Writer: Rumaizah Abu Bakar
Published: Fri, 30 Dec 2011
MY guard duty ends at 5.30am on Jan 1. I get out of my army uniform and into my jeans and t-shirt as fast as I can. I grab my wallet and mobile phone and rush out. My stomach growls as I think about my mother’s lontong waiting for me at home.
As I pass by the row of flats, I spot empty cans and confetti on the street, remains from the night’s celebration. These are the last things I want to see.
Then, I feel someone grabbing my left arm. It is a girl in a spaghetti-strap top, unzipped sweater and white shorts. She reminds me of the pretty Chinese teenage masseuse who offered me “special services” with her hour-long massage recently – friends’ treat for my 21st birthday.
I look at the girl, who has tears streaming down her face. Her grip tightens and I have to pull hard to release my hand.
“Can you help me?” she speaks in between sobs. “Can you call the police?”
My heartbeat quickens. I notice the bruises on her arms.
She pulls my arm again. “Can you help me? Can you call the police?”
“What has happened?”
She points towards the bus stop and says, “That man took my mobile phone.”
I turn to look at where she is pointing and see the back of a head behind a pillar. I calmly walk towards the figure as she tiptoes behind me.
A year ago, I would not have dared such a confrontation, but seven months of national service have done wonders. The tough physical training has turned out to be useful. My muscles have developed and I have increased my speed. My confidence has grown, too.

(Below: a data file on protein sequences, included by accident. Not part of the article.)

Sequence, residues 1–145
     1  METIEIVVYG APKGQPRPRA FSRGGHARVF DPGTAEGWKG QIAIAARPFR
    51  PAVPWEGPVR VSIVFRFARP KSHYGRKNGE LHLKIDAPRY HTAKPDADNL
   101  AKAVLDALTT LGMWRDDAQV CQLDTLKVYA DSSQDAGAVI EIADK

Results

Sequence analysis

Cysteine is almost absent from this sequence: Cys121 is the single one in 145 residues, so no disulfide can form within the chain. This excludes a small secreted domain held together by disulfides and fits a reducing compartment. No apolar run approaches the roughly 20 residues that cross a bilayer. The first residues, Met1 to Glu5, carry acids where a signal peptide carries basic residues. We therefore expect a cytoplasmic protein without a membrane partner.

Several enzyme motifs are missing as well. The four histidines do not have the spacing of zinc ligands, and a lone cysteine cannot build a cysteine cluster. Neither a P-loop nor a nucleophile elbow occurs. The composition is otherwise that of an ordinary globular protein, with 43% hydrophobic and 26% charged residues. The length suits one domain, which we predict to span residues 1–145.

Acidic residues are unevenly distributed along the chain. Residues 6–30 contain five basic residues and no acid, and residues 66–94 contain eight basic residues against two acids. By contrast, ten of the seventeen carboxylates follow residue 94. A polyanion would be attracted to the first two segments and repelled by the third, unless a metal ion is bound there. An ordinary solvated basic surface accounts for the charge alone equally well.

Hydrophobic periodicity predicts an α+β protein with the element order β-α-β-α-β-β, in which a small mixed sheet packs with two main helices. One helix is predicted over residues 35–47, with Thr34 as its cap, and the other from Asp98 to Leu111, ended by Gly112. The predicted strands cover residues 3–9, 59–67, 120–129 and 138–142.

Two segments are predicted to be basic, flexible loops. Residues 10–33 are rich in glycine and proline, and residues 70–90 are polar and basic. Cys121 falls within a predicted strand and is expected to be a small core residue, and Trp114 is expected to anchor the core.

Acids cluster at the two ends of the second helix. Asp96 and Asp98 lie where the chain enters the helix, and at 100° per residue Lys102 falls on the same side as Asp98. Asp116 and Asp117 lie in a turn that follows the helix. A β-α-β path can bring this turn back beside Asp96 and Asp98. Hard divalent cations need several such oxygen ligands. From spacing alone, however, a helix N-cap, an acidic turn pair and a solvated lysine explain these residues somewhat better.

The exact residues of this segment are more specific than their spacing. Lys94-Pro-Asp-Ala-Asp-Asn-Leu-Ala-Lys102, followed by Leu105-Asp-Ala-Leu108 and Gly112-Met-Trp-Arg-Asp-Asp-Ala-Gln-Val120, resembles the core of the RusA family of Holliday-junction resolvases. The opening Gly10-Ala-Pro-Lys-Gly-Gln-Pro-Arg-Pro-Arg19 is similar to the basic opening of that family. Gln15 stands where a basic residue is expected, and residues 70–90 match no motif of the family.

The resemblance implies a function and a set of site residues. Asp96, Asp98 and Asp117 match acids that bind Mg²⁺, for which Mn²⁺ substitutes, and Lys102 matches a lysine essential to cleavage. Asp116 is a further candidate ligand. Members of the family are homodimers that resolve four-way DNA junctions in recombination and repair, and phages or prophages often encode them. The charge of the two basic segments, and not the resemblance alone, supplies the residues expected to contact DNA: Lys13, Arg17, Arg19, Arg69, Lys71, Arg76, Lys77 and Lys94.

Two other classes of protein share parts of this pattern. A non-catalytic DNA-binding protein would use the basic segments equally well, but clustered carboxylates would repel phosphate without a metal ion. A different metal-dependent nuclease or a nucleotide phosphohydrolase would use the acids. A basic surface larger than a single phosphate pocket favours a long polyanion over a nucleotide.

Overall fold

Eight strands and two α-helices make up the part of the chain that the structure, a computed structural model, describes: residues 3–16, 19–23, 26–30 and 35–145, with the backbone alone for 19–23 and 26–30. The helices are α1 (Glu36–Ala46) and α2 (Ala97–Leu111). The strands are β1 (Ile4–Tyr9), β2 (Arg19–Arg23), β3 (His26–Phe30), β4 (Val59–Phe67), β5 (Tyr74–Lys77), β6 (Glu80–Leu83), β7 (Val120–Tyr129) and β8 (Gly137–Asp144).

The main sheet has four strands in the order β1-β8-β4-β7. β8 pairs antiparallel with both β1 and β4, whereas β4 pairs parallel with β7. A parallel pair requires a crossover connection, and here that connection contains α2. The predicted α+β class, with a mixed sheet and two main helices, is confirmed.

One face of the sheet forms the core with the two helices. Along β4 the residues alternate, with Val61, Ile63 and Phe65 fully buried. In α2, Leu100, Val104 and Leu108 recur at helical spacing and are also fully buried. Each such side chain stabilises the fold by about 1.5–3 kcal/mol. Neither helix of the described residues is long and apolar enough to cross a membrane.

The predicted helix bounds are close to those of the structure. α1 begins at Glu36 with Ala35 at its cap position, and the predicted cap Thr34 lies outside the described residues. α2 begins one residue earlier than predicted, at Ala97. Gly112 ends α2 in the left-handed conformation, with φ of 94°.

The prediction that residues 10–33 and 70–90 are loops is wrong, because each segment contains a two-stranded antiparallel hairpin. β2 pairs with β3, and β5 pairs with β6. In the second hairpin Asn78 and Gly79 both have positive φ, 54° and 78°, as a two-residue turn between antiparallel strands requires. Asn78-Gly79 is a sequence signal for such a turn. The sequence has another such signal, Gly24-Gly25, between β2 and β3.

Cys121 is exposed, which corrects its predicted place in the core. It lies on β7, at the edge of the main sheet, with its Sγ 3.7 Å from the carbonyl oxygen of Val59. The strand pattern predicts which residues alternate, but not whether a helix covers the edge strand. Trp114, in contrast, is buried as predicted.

Sometimes, though, I wish it does not take up so much time. That double-shift guard duty on New Year’s Eve was the worst torture.
I do not even have time for girls now. It has been a year since I broke up with Alice, the girlfriend of my polytechnic years. The last I heard, she has already found someone else. It is time that I move on, too.
I stop when I see a young man in a white t-shirt and Bermudas leaning against the pillar. He seems startled to see me.
“That’s him! He took my phone!” the girl screams.
He taps his neck with index finger. “She ripped my chain. She has taken my locket!”
I look down at his feet. There is no sign of a broken chain. “Give the handphone back to her!” My voice sounds forceful enough to me.
“Not until she returns my locket.”
“I didn’t take his locket! He is lying!”
I try again. “Hey man, give the phone back to her!”
“Can you call the police? Please call the police.” The girl sobs and tugs my arm.
I look at her and then back at him. I stare into his eyes and say, “I am the police!”
He jerks his head up, I notice a slight shiver.
“Now, give her phone back. Or…”
He takes out a slim phone with a silver casing and reluctantly hands it to me. I reach for it and give it to her. “Where do you live?” I ask her.
“My flat is just a few blocks away.” She slips the phone into the pocket of her sweater.
“Let me walk you back.”
She nods and wipes her tears with the back of her hand.
The man does not move. He seems stunned.
A few minutes later, we arrive at her flat and she unlocks the door. She steps in and turns around to face me.
“Happy New Year,” I say.
“Happy New Year,” she replies.
“I’m Muhamad. What’s your name?”
“Alice.” She smiles at me before shutting the door.
“Alice,” I repeat. I note the unit number on the wall. 33. I smile, imagining a date with her on my next day off. Maybe this will be the beginning of a great year.
When I reach the bus stop, the man is still there, leaning against the pillar. A defeated look on his face, his sadness hangs in the air. He stares ahead emptily. It is as if he does not see me. I feel sorry for him.
The bus arrives. I call out to the guy, “Hey, man!”
Noticing me then, he slowly turns.
“Are you not getting on this bus?”
He shakes his head. The emptiness in his eyes lingers.
“There’s no better time to start over, man. It’s the new year!” I salute him before climbing up the stairs. I doubt he heard me.